Journal of Health Care for the Poor and Underserved
Volume 21, Number 2, May 2010
pp. 544-558 | 10.1353/hpu.0.0276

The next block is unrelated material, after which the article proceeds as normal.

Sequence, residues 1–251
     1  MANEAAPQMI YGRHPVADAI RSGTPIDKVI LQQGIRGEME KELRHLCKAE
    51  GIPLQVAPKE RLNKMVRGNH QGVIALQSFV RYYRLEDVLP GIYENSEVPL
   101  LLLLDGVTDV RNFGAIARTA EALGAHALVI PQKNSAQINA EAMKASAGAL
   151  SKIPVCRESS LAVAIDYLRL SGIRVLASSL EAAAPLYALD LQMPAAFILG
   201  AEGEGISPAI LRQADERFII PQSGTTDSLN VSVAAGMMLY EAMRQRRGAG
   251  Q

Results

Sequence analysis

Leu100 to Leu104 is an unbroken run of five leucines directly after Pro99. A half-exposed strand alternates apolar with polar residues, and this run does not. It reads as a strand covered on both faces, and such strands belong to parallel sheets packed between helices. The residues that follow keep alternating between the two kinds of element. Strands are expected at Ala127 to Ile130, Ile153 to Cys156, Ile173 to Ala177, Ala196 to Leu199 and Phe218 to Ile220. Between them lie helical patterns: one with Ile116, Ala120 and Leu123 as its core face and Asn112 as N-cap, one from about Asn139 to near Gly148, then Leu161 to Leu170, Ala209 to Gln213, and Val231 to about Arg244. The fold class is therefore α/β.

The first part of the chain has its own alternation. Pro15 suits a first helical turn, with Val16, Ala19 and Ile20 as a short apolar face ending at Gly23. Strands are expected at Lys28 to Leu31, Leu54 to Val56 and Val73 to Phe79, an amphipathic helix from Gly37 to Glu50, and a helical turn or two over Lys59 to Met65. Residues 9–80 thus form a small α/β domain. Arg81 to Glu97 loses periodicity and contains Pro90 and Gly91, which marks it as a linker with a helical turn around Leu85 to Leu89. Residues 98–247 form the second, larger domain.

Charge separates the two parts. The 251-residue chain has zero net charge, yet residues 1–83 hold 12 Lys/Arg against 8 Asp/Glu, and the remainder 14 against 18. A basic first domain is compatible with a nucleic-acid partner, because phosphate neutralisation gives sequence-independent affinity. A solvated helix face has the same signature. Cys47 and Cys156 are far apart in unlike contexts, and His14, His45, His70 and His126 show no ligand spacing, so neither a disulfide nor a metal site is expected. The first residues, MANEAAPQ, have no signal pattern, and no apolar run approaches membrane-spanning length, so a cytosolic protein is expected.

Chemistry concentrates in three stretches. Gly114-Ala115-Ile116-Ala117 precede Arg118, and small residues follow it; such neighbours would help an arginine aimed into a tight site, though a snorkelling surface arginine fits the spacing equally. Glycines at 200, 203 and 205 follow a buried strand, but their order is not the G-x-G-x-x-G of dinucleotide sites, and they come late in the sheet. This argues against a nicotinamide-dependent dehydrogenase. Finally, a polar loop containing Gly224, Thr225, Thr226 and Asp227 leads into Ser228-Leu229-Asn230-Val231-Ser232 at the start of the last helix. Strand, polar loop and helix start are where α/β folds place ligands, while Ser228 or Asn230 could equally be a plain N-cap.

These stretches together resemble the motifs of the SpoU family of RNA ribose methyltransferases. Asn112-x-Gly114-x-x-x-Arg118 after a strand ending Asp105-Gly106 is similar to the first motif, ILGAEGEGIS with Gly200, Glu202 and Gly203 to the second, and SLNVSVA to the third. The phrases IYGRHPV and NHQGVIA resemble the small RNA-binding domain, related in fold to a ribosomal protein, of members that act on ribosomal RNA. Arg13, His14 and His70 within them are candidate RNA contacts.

American Indians have the highest prevalence of cigarette use in the United States, but there is a shortage of knowledge about American Indians' own perspectives on smoking and cessation. The purpose of this exploratory qualitative study was to obtain information on American Indians' views that would be useful for subsequent intervention planning and development. Four focus groups were conducted with urban American Indians living in Maryland to explore the sociocultural contexts of tobacco use and their perspectives on various mainstream and culturally-specific smoking cessation strategies and service delivery models. Tobacco interventions targeting American Indians should increase service access, address negative experiences with medications, emphasize empowerment for behavior change, explicitly distinguish ceremonial tobacco from cigarette use, and send culturally-relevant messages. Smoking cessation programs and health promotion efforts may be perceived as more relevant by the target population if they incorporate an understanding of the social and cultural facets of smoking behavior.